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FREE PDF æ Bitter Fruit: The Very Best of Saadat Hasan Manto õ Widely renowned as the best short story writer in Urdu, Manto s stories were mostly written against the milieu of the Partition Bitter Fruit presents the best collection of Manto s writings, from his short stories, plays and sketches, to portraits of cinema artists, a few pieces on himself, and his letters to Uncle Sam which have references to communism, Russia, politics after the Partition and his own financial condition The concluding section of the book has acknowledgements and reminiscences from Saadat s friends and relatives Bitter Fruit includes stories like A Wet Afternoon, The Return, A Believer s Version, Toba Tek Singh, Colder Than Ice, The Assignment, Odour, By The Roadside, Bribing the Almighty, The Kingdom s End, The Woman in the Red Raincoat, The Room with the Bright Light, The Great Divide, The Angel, Siraj, An Old Fashioned Man, The Price of Freedom, It Happened in 1919, The Girl from Delhi, A Man of God, Free for All, and A Tale of 1947 There is a collection of sketches too Manto used to write radio plays and this book has one of the dramas he penned, called In This Vortex His short stories bring out the most delicate nuances of human nature. To do justice to this review would be a difficult task because of sheer quality of stories that I ended up reading The emotions, narratives and manner of storytelling in each of the masterful stories is so compelling that you would not just enjoy them but also it would linger on deep in your minds even after they have ended.These are stories that talk to you and pull you out of slumber if you are in one I feel the pain, the sordid eventualities that partition dished out, the downright sinister mentalities and the agonising portrayal of the tumultuous times gone by You have to have felt the pain to have brought it down on paper so brilliantly.To think that he was accused of vulgarity is preposterous He sometimes told stories that happened in reality It is amusing to note that the actual happenings were not vulgar and crass but being brought down into the form of stories was.The sketches, short takes as well as his sarcastic overtones are sure to leave you spell bound An author way ahead of his times This book is a must read. Without giving an impression of bragging I would say that I have read quiet a lot of fiction authors but till date I have not found someone like Manto in fact I have no words to describe my adoration for him..I think his death happened at an age when most of the authors only start gaining fame, and we lost the master of short stories There can be a debate as to whether Manto was an Indian or Pakistani writer but it doesn t matter because they say artists have no nationalities I read him once and I wish to read him again again his words create such images in my mind as if everything he is saying is happening right in front of my eyes and after reading each of his story, I sit back start thinking how it would have been in those times, what he would be thinking when he wrote that, what inspired him to write it, is it true story or not as if it is a play the characters are alive telling their own story I think as many authors I have read Manto is the most close to life a natural writer even if he writes a single sentence it turns out to be a story with a fast paced start the most shocking ironic ending He could write a story on anything and give it the most poignant angle Coming to the book The Bitter Fruit is a collection of his short stories with some of the evergreen ones like Toba Tek Singh , The Return , The Gift , The Assignment , Colder than Ice he was accused for vulgarity in this story One can feel that a lot of these stories are a piece form his life as they revolve around his time spent in the film world or the experiences during the partition in 1947 In fact I was quiet surprised to find that Manto could also write well in other forms like characters sketches,plays, letters to Uncle Sam, newspaper articles on film characters, note to readers, and his own story The film star sketches just show the vastness of Manto s talent him being able to create a story out of anything He is frank to the point of inviting wrath from the people who he sketches, describing their facial features to their personalities in the most honest cut to the point You can t help but actually start seeing facts in his stories Though he has written about film stars their scandalous personal lives but the sketches are no less dramatic or colourful like the films they acted in He has described some of the big stars like Ashok Kumar, Nur Jahan, Nargis, Naseem Bano, Sitara Devi, and personalities like Jinnah bringing them to life and light the way they were behind the screen public light He narrates his experiences as they were without mincing his words or hiding any facts.There was a phase when he used to write plays for Radio and his plays again have his distinct touch of being frank on the face, like the artist who decides to open an animal fodder farm because of financial crisis only Manto can think of such hilarious situations He would go to the publishers to ask for money for his writings when they would say he needs to submit a story then he would sit right there write one for them I have never heard any other author being able to roll out his beautiful creations just like that The sad part is that he was given only Rs 25 50 for such creations which now are considered literary masterpieces His letters to Uncle Sam bear a touch of after partition politics in Pakistan, the cold war between America Russia, the hot winds of communism, the growing rift between India Pakistan and both the nations vying for affections of America He takes a pot shot at the rising communist propaganda, misguided Progressive writers movement, his own poor financial situation how the artists are being treated in a post freedom Pakistan Finally in his note to readers the write up of his nephew Hamid Jalal shows the dual face of Saadat Hasan Manto How Saadat Hasan was a father, husband, family man sensitive to his family needs and how Manto was a writer, artist, alcoholic a man who could not come to terms with his post partition situation in Pakistan He was devastated due to the accusations from the conservative strata of the society calling him a pornographic writer trying to get fame out of writing cheap vulgar stories He was notorious for his age of writers as he put things in black white without giving a religious touch to his stories or glorifying Islam defaming other religions or letting politics run his thoughts He wrote what he felt or what he thought not caring for the so called moral police but his innocent stories became the target and they crucified him on the altar of religion so called pure society The alcohol dubious sympathisers pushed him to the edge and there was no return from there Manto s tragic end has only made his family bitter and horrified of the fall of a writer in a not so liberal world Just like his stories Manto s life death was short ironic where he received his fame only after he was hated in his living days I wish they put the epitaph he had written for himself where he wanted it to be In the name of God, the Compassionate, the Merciful Here lies Saadat Hasan Manto and with him lie buried all the secrets and mysteries of the art of short story writing Under tons of earth he lies, still wondering who among the two is greater short story writer God or He.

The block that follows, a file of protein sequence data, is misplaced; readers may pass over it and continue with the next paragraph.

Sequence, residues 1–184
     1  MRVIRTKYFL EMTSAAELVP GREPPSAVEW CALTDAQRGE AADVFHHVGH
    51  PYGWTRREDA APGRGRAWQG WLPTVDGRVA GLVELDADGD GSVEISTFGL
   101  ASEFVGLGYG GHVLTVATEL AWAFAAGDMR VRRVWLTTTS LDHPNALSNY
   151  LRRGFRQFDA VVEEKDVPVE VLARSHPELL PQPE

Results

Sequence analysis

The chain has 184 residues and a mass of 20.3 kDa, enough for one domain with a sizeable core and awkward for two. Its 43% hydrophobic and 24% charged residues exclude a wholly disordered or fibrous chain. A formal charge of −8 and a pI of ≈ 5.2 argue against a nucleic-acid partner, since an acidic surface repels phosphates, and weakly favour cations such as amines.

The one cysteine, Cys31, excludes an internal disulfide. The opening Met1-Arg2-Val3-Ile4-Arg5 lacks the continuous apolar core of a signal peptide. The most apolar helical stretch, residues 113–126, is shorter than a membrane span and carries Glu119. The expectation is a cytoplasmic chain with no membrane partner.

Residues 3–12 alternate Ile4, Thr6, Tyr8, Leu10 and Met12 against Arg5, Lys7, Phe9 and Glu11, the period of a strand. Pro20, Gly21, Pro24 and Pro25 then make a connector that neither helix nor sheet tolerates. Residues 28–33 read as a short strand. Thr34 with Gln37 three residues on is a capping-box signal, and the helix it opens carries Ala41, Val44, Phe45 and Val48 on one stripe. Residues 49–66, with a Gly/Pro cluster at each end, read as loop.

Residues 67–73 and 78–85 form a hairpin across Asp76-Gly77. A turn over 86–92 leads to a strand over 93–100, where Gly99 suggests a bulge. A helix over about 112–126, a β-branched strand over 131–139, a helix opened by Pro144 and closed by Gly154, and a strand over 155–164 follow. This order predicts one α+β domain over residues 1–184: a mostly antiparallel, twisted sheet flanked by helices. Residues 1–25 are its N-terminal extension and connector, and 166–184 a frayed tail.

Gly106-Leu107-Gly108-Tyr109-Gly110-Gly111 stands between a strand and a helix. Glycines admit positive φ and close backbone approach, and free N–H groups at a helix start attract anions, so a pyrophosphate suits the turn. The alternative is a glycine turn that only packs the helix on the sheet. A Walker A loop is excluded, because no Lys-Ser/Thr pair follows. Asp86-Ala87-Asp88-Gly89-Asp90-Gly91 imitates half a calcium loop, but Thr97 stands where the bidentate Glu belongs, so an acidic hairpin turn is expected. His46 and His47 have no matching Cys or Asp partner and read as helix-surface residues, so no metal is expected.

Manto was a controversial writer of his times and while reading his stories you come to understand why that might have been the case These stories, which I imagine to have been inspired from real life instances, present to us the ethos of a world long gone, of a country which witnessed turmoil of Partition and of the people who lived through those times Manto writes plainly, even blatantly and with sarcasm at times Perhaps that is why the stories leave such an impact on the reader A few of his stories left me shaken in terror and I could only imagine the horrors that the people who went through the violence of Partition must have faced He is a writer who must be read, for his stories lay bare before us the bestiality of human nature which inflicts torture on others in times of extreme turbulence He doesn t give hope, maybe because he was cynical and had remained distressed most of his life But he is definitely to be read Recommended. Saadat Hasan Manto has had a relatively short live He was born in Punjab in 1912 and died in 1955 Lahore, in the newly created Pakistan Barely 43 years But the majority of this years he was writing His language was Urdu He has never finished any formal education failed the school s exams dropped out of the university as well In spite of it, he started from translating Victor Hugo and Oscar Wilde His translations has been published and that has started off his literary career He has become an editor of a magazine and has started to write short stories His life has fallen on the almost turbulent period in Indian history He was 7 when the massacre in Armister took place His youth took place on the background of political movements for independence He was not very political though He has spend his best years in Bombay working for a magazine related to the film industry Then came independence followed by religious violence on the scale never imaginable He witnessed this He lived through this Then came Partition He did not want to leave Bombay even then However he was asked to leave his job allegedly due to overrepresentation of muslims So he went to Lahore to join his family But he never was happy since then He missed Bombey his heavy drinking has killed him in 6 years, but he never stopped writing even when he was drinking Reading his stories, i could not help wondering why I ve never heard about him before Why is he not better known worldwide, but especially in the english speaking world His writing is terrific so controlled and economic, but so poignant at the same time, creating such a nuanced psychologic images just in a fews sentences Additionally, the themes of his stories are universal Two main topics stood out for me the life of women, majority of them are prostitutes and the nature humanity versus violence be it war, revolution or communal killings what happens to a human being facing something incomprehensible, how it skews the whole definition of being human And his voice never goes anywhere near sentimentality, never capitalises on the horror of subject matter It has been a few weeks since I ve read this book However some of these stories simply stay in my mind In Last Salute two friends, who fought together for the British, are appeared to be in the different sides of India Pakistan War following Partition They are physically within short distance hiding from each other with their trapped regiments They ve recognise each other voices Then the request for a favour and the tragedy follows In A Tale of 1947 Mumtaz, a muslim man is leaving for Pakistan, the country he knows nothing off Three of his best friends, who are all Hindus are seeing him off He has decided to leave after the one of these friends received the news of his uncle s murder and acknowledged If Hindu Muslim killings start here, I do not know what I will do I do not know I might kill you So Mumtaz is leaving But before that, he is trying to talk to them one last time about what matters to him what is religion, what does it mean to be devoted, what is the human decency He says Only a naive could believe that religion could be eliminated with a gun Why cannot they understand that faith, belief, devotion, call it what you will is a thing of the spirit it is not physical Guns and knives are powerless to destroy it And he follows on with a story of the Hindu pimp he happened to know as an example of the most decent man The story is just 5 pages but it tells you much than an average novel Toby Tek Singh , the one of his most well known stories, is Manto s Ward No 6 and Other Stories It is set in a lunatic asylum which is now in the process of exchange of its Hindu and Muslim inhabitants due to Partition And the one man just simply refuse to leave So much depth and poignancy is conveyed in this image.And now about the prostitutes In his life time, Manto has received 6 charges of indecency I ve read those stories And only indecency I found how good they were He managed to charge the atmosphere and convey the feelings hardly with any reference to sex More importantly, how he cares about these women, how he could see the individual behind the setting And all of it without sliding to the usual tropes of deprivation and moral compromises These women are alive, fighting their daily problems and set backs and try to be happy like any other women In spite of the obvious, there is no sense of victimhood which often prevails in such stories In A Woman s Life the main character experiences a sort of epiphany in Joyce s sense of the world In Ten ruppies a young girl around 12 who still plays with the dolls is being procured by her own mum But she does not realise that what she is doing is not normal She just lives her life and brings her sunny disposition to her engagements In Mummy the white brothel s owner is looking after a very ill young Hindu man while everyone else has given up on him Not all of the stories are about the oldest profession The variety of his themes are wide But all of them are united by his desire to understand and depict the human condition I know how cliche this sounds, but the stories are far from any cliches.This book is the one of his most comprehensive in English Translation is smooth and the translator claims he tried to convey the style of the original I believe it worked The book contains his short stories, sketches, biographical portraits and a play I have to admit that I have not read the portraits and the play yet But the short stories are the one of the best short stories I ve ever read.